The Gandhara art has not only influenced the art of India but every part of Buddhist world including Tibet, Sri Lanka, Burma, Korea, Indonesia, Thailand, China, Japan and Central Asian states.

One woman's challenge to Syrian regime

She asks that we call her "Laila" but it is not her real name, as she has to protect her identity for her own safety.

A human rights activist and lawyer, Laila says she has been to at least two dozen anti-government demonstrations in and around Damascus and wanted to observe firsthand violations by the Syrian regime.

"The security forces jumped in front of the protesters and there was less than 10 meters between them and the security forces started shooting," she recalls of one protest.

At least five people next to her were shot and killed, despite that fact the demonstrations were peaceful, she says.Asked how often she witnessed security forces firing on protesters, she replies, "all the time, every time."

But a top adviser to Syrian President Bashar al-Assad maintains that the government is not attacking peaceful protesters and claims "armed gangs" are responsible for the violence.

The unrest in Syria began in March this year after teens were arrested for writing anti-government graffiti in the southern city of Daraa.

As the clashes intensified, demonstrators changed their demands, from calls for freedom and an end to abuses by the security forces to calls for an end to President Bashar al-Assad's regime.

On Wednesday, Human Rights Watch said security forces have intensified their campaign of mass arrests in cities that have had anti-government protests.

The cities include Hama, Homs, and suburbs around Damascus, the group said.

But Laila insists all of the protests she has seen have been peaceful.
"How do these protests finish every time?" she asks rhetorically. "By the security forces and al-Shabiha (pro-regime gangs) attacking the protesters."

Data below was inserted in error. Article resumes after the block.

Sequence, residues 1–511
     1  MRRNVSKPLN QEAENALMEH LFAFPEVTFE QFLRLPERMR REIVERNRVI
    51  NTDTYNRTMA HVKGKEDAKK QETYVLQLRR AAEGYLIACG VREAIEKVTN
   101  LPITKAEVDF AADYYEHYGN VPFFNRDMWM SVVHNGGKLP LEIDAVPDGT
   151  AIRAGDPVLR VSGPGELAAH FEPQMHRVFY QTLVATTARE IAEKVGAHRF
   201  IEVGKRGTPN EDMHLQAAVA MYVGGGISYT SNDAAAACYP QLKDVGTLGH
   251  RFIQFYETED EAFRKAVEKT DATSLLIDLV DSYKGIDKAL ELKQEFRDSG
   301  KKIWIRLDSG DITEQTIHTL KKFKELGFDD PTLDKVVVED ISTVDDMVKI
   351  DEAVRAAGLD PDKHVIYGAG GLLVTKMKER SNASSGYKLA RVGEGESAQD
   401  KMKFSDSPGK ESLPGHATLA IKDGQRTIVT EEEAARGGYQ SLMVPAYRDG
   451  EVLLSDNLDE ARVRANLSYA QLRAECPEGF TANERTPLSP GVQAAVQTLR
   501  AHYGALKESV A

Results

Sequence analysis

Laila says she also visits wounded demonstrators and catalogues their stories -- though she says she has to hide their identities as it would put their lives in danger.

She herself was detained once, for 48 hours, but released unharmed. She believes her legal knowledge kept her safe.

However, she says it's different for others.

"I see how they treat the prisoners there," she says. "They don't find them like human beings in front of them.

"They make the prisoners being naked and they beat them every step of the way. Like if they want to go to toilet they will beat them all the way. I saw how they force a prisoner to drink from toilet water."

But she remains relentless and undeterred in her mission to tell this story. She is forced to sneak around her own city, constantly looking over her shoulder, risking her life time and time again.

The protesters themselves seem similarly undeterred, posing an unprecedented challenge to the Syrian government.

For the first time in 50 years the old method of the military putting down or buying off opposing voices isn't working, according to Beirut-based political analyst Rami Khoury.

"So there is a kind of slight schizophrenic response which I think is a function of the regime not knowing how to deal with this mass political change," he says.